These can often be the most difficult habits to internalize, but asking thoughtful questions, reflecting or
repeating key phrases, and summarizing what someone has said demonstrates the listener’s interest and
attentiveness. Furthermore, it also helps the listener to
better understand and respond with sound reasoning
that adds value to the conversation.
Employees expect managers and, more importantly,
their leaders to serve as the guiding force in their
day-to-day work lives. A leader who is unable or uninterested in listening to their employees will have a
tough time building an efficient and well-run team.
Not only does active listening help leadership earn
the trust and respect of employees, it also helps them
better understand issues and potential solutions —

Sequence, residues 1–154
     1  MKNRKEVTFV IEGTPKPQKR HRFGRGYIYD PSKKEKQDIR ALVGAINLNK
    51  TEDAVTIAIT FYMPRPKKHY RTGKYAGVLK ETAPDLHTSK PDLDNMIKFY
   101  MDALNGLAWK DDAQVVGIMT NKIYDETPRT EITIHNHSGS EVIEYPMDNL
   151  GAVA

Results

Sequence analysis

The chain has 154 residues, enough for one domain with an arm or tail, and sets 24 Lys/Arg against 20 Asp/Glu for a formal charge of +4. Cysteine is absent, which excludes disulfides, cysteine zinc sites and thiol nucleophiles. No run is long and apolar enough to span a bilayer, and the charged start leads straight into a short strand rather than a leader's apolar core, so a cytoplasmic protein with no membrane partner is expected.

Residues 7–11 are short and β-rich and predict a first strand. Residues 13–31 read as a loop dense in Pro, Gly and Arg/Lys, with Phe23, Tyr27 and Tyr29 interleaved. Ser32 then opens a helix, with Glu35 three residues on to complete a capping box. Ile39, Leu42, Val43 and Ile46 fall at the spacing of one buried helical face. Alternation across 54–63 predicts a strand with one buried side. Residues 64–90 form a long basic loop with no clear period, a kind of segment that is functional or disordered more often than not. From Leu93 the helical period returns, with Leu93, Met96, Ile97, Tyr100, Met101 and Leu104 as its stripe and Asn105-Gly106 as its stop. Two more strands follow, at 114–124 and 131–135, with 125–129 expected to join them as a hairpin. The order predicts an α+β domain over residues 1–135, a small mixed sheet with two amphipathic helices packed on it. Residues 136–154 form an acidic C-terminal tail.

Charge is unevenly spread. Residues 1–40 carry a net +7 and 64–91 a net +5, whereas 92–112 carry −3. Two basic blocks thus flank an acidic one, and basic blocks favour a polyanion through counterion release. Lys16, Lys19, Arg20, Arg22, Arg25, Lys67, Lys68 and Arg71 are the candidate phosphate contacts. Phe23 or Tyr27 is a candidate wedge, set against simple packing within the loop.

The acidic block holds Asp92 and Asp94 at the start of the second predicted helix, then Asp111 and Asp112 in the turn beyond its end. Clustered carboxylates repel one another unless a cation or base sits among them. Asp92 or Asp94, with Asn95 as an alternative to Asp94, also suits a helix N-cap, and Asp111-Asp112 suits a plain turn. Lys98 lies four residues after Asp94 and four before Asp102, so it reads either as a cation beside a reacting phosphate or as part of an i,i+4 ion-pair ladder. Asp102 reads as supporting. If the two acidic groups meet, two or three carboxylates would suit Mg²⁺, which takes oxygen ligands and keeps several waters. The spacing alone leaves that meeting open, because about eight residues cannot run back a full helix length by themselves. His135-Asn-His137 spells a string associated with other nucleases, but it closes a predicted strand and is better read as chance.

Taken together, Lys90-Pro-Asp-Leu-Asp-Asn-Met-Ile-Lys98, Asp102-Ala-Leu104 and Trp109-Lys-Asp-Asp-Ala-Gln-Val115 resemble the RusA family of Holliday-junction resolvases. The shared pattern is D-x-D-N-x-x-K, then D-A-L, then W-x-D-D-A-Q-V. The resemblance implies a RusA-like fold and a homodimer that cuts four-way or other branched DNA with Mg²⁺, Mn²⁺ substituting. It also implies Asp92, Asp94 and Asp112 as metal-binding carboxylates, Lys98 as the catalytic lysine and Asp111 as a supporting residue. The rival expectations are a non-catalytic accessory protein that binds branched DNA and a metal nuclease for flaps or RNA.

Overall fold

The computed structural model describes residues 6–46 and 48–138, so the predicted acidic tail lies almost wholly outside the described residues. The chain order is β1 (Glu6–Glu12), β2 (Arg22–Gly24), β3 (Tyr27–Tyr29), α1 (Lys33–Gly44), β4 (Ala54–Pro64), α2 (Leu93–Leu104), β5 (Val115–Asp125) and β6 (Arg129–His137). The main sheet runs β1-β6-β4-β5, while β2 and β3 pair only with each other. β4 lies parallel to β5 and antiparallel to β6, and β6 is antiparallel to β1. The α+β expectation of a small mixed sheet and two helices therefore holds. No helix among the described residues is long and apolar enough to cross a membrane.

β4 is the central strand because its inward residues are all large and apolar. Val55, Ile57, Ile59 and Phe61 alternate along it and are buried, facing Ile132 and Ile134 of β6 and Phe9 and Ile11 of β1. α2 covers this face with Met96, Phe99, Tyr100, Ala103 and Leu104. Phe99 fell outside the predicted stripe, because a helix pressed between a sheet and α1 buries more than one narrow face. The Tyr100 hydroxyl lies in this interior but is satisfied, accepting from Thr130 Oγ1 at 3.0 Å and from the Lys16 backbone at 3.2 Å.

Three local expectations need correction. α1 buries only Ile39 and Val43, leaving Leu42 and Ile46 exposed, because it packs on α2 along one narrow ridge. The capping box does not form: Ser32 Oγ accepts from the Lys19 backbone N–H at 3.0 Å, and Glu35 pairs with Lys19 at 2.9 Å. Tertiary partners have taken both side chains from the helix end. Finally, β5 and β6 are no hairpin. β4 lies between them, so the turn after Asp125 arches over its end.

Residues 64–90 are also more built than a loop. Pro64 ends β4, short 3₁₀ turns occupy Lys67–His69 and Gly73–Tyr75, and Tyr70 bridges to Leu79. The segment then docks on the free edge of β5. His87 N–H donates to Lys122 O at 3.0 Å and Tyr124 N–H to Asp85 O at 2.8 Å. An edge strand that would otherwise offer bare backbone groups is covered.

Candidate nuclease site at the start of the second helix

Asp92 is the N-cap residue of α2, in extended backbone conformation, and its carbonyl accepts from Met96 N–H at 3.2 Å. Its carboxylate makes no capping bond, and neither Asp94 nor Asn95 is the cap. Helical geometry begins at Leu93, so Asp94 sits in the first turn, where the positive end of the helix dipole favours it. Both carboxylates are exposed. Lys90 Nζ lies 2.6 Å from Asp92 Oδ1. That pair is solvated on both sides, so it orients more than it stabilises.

which are often provided directly by the employee
and identified through active listening.
Serve as a coach
Learning how to be a responsible, helpful coach can
make all the difference in a team’s success. The industry
has for too long now lacked mentorship programs with
high levels of accountability, training and guidance.
Why is it that mortgage offices are notorious for their
sink-or-swim mentality? This mindset only encourages
employees to overwork themselves and not learn or
engage with their borrowers on a meaningful level.
Additionally, it increases costs as employee turnover
has been proven to be quite expensive.
New mortgage originators are too often encouraged to start pursuing loans with little more than a
week or two of training. Considering a home is one of